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Fourth case of measles diagnoses in Maryland

All cases centered around Pikesville-area
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Posted at 2:57 PM, Apr 19, 2019
and last updated 2019-04-22 09:04:36-04

BALTIMORE — A fourth case of measles has been reported in Maryland, the state's Department of Health confirmed Friday.

The case is confined to the same set of zip codes for which the previous three cases were found – 21208, 21209, and 21215. The Department of Health warns anyone who visited 4000 Old Court Road in Pikesville on Tuesday April 16, from 9:15 a.m. to 12:30 p.m. may have been exposed to measles.

This is the third time health officials have warned about potential exposure tied to that address. Previously, anyone who had been to that location on April 2, between 9 a.m. and 1 p.m., or on April 14, from 10:30 a.m. until 1:30 p.m. may have been exposed to the virus. Officials also warned of potential exposure for anyone who visited Market Maven from 11:45 a.m. to 2:30 p.m. or Seven Mile Market from 12:45 p.m. to 3:15 p.m. Sunday, April 14. Both locations are in Pikesville.

Officials have contacted people who have been exposed at additional locations.

The health department diagnosed the state’s first measles case on April 2. A second case was discovered April 16. A third case was announced the following day.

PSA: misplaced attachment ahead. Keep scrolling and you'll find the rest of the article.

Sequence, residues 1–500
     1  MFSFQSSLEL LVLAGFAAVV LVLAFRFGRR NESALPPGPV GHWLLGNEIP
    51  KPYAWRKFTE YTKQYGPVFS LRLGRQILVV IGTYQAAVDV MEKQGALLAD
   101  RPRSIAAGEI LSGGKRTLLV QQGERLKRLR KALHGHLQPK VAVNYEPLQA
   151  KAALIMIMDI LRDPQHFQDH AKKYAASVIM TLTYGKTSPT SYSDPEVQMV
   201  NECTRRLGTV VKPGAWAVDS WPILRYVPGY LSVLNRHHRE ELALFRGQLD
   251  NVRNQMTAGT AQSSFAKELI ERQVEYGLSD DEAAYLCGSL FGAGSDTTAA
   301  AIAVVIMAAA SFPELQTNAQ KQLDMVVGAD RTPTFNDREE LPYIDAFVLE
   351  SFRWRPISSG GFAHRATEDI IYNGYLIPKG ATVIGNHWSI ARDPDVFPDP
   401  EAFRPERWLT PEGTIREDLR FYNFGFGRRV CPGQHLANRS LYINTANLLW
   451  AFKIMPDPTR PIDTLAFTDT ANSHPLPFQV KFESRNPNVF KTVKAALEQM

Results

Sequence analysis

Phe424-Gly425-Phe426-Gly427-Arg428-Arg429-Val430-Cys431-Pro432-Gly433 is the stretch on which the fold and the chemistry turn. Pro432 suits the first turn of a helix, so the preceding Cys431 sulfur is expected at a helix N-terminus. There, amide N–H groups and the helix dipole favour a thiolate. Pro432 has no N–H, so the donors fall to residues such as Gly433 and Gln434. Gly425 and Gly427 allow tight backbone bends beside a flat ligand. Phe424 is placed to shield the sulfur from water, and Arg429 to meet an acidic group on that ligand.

“While the outbreak is currently localized to a small area of the state, the best way to prevent measles in Maryland, or anywhere people might travel, is through vaccination,” said Deputy Secretary for Public Health Frances B. Phillips, RN, MHA. “We continue to encourage all Marylanders to get vaccinated or check with their health care providers to ensure they and their families are up-to-date on vaccinations.”

Measles is a contagious vaccine-preventable viral infection which is easily spread to unvaccinated persons through coughing, sneezing and secretions from the mouth. The measles virus may remain in the air for up to two hours.

Early symptoms of measles are a fever of more than 101 degrees Fahrenheit, runny nose, cough and red, watery eyes. If you believe you have the virus, contact your doctor before visiting their office so they can make special arrangements to evaluate you, if needed, without putting other patients and medical office staff at risk.

READ MORE: Measles accelerates to second-highest level in US in 25 years and over 100,000 global cases

For more information on the measles outbreak, click here.